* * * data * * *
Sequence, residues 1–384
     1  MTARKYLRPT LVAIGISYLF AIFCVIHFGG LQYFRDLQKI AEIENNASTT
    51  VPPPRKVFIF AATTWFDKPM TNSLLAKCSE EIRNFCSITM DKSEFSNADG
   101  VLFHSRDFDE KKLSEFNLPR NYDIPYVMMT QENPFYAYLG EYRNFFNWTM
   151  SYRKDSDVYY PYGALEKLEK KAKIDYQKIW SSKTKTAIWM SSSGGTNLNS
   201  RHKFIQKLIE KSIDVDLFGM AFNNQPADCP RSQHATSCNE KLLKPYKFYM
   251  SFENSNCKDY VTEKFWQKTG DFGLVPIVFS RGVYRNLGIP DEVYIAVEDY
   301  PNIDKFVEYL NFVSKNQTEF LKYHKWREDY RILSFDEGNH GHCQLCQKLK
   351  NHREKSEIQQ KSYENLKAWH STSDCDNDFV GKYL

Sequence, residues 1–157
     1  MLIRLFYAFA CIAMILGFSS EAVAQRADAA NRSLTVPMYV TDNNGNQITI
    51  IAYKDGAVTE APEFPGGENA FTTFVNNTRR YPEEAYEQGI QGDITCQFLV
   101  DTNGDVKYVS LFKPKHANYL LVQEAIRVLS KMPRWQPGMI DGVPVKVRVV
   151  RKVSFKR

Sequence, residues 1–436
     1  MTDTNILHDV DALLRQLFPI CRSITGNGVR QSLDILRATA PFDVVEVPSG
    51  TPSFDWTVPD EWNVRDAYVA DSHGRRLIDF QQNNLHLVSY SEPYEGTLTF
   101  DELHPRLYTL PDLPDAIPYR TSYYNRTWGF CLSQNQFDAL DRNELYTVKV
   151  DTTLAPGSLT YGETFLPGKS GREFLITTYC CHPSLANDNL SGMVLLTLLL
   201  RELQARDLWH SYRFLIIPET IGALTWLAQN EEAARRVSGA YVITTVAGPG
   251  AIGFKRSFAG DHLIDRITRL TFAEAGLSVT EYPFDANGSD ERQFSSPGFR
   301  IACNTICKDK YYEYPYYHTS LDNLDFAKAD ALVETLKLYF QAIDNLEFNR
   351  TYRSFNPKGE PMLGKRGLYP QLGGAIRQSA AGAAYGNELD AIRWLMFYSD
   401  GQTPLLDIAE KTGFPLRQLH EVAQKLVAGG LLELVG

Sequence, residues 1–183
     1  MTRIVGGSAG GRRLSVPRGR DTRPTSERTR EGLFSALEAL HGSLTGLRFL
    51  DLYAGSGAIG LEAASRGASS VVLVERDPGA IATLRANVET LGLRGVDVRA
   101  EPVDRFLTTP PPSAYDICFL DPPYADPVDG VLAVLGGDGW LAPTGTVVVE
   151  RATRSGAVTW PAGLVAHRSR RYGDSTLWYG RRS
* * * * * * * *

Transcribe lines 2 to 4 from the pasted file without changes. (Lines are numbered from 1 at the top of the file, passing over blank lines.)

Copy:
     1  MTARKYLRPT LVAIGISYLF AIFCVIHFGG LQYFRDLQKI AEIENNASTT
    51  VPPPRKVFIF AATTWFDKPM TNSLLAKCSE EIRNFCSITM DKSEFSNADG
   101  VLFHSRDFDE KKLSEFNLPR NYDIPYVMMT QENPFYAYLG EYRNFFNWTM